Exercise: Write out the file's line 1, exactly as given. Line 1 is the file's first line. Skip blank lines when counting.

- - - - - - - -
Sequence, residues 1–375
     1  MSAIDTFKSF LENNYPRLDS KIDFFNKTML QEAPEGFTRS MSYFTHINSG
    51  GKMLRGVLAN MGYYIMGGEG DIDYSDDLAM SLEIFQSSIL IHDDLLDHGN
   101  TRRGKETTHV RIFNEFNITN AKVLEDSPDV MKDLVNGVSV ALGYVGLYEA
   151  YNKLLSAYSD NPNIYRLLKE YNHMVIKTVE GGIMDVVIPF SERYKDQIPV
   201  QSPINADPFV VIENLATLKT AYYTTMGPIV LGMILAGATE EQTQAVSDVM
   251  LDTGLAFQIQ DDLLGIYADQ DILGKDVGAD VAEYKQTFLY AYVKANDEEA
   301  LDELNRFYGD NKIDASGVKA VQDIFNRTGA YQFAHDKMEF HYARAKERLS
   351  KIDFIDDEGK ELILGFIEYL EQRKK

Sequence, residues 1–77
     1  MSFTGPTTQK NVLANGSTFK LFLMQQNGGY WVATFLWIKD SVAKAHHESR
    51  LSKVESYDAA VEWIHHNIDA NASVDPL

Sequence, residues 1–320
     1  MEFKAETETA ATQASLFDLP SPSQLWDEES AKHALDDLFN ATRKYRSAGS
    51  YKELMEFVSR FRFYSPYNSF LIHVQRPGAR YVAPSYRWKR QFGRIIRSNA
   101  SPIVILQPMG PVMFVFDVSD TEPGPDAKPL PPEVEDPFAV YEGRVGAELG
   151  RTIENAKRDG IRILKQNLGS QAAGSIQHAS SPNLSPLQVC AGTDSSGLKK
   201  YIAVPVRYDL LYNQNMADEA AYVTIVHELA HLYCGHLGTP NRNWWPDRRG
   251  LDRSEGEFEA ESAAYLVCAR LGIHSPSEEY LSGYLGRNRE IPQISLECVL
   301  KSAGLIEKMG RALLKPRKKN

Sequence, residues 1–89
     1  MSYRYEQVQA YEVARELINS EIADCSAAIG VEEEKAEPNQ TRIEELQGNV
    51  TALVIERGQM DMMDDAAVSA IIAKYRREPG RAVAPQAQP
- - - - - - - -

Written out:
Sequence, residues 1–375